REICHARD: What were some other big issues at play in the election?

FREIRE: Well, Dutch voters are struggling with a feeling that their government is broken. There was a big scandal involving parents who were falsely accused by the government of child care benefits fraud. They were ordered to repay the benefits, which often amounted to 10s of 1000s of dollars. This was very devastating for them. And to understand the context here, Dutch people are used to good governance. In America, unfortunately, we are familiar with government messing up. But to Dutch people this scandal really shook their faith in the government.

The Dutch government is also working on plans for the forced sales of farms to reduce nitrogen emissions to meet European Union guidelines. Farmers have been engaging in mass protests. Many Dutch people are very sympathetic to the farmers and very unhappy about these plans to close the farms. So that was a big issue as well.

FREIRE: Well, Dutch voters are struggling with a feeling that their government is broken. There was a big scandal involving parents who were falsely accused by the government of child care benefits fraud. They were ordered to repay the benefits, which often amounted to 10s of 1000s of dollars. This was very devastating for them. And to understand the context here, Dutch people are used to good governance. In America, unfortunately, we are familiar with government messing up. But to Dutch people this scandal really shook their faith in the government.

The Dutch government is also working on plans for the forced sales of farms to reduce nitrogen emissions to meet European Union guidelines. Farmers have been engaging in mass protests. Many Dutch people are very sympathetic to the farmers and very unhappy about these plans to close the farms. So that was a big issue as well. And also Dutch people are just feeling very insecure. There's been inflation. Cost of health care is going up. A longtime housing shortage just keeps getting worse. And high levels of immigration, have been feeding into all these concerns, particularly the housing shortage. Dutch people are concerned if there aren't enough houses for them, where are Dutch people going to live?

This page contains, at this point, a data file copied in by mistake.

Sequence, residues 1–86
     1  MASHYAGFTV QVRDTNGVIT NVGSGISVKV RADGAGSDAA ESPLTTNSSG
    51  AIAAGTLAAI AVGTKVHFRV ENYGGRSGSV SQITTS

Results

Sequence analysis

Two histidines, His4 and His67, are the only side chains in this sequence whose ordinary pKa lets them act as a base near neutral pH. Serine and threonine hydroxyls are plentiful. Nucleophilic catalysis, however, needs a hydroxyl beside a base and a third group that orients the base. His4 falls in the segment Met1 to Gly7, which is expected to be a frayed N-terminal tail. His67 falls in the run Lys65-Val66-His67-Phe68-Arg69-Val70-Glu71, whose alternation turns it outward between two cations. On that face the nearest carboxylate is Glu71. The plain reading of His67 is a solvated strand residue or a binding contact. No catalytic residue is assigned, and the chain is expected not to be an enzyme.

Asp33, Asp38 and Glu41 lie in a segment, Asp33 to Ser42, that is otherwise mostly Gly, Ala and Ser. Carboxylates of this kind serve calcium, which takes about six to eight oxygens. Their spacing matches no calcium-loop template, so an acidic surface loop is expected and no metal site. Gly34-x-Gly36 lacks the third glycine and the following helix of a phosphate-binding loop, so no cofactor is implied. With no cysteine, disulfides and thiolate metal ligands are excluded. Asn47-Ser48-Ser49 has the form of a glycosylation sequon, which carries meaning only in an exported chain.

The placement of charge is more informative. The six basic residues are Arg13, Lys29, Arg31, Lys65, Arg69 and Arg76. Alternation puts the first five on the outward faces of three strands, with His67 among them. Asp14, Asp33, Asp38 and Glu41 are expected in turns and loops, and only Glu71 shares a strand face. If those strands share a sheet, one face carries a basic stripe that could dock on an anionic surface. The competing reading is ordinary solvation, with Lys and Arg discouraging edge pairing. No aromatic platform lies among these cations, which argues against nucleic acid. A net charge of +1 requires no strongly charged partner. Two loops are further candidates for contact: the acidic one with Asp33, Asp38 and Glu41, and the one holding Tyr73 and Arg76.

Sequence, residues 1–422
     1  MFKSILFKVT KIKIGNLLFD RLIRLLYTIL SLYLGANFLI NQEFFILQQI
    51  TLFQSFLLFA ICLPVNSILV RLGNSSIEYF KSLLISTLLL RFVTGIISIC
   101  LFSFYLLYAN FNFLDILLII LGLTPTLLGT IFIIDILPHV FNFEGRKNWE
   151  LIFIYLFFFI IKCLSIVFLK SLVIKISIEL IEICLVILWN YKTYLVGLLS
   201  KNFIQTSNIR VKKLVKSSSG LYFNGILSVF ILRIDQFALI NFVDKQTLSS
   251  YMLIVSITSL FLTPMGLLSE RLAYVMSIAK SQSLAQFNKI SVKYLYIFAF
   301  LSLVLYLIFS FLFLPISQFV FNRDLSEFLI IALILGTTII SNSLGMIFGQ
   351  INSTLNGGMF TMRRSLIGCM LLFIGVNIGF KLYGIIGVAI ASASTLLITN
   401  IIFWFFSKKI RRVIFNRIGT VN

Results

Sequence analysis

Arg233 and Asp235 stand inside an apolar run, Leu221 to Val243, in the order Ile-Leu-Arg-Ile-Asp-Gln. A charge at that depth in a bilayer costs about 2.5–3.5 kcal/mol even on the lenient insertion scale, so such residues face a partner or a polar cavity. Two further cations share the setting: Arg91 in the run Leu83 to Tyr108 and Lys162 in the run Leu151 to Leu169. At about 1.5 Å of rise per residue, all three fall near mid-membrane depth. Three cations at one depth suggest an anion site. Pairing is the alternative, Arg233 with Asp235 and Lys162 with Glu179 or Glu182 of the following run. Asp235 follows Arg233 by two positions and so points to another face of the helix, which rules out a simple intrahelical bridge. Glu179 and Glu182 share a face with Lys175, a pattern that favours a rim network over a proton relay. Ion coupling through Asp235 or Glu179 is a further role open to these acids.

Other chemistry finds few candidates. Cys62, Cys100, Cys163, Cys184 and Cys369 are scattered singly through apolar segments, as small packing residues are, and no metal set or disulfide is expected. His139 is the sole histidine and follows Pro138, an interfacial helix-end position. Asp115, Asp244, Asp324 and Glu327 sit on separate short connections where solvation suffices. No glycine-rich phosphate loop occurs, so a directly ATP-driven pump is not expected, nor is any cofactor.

REICHARD: Back in September, Italy elected a so-called “far-right” prime minister, and now the Netherlands follows a similar pattern. What political trends do you see spreading to other European countries?

FREIRE: Well, political scientists have invented the term Dutchification of the vote to describe trends where the traditional political center in a country collapses. So we see that very clearly in the Netherlands, the traditional large parties are doing very poorly in elections and fringe parties are rising up, and to some extent, this is a result of the structure of the Dutch government. It's quite easy for a small new party to get at least one seat. Other country’s governmental structures make it harder for fringe parties to rise, but we are seeing in other countries, particularly Germany and France, that the traditional large parties have collapsed and fringe parties, while perhaps not getting the top jobs, are taking more seats in parliament and in local government and getting a bigger say in policymaking.

REICHARD: Emma Freire is a Senior Writer for World Magazine. Thanks for covering this story!

FREIRE: Oh, sure. Thanks.


WORLD Radio transcripts are created on a rush deadline. This text may not be in its final form and may be updated or revised in the future. Accuracy and availability may vary. The authoritative record of WORLD Radio programming is the audio record.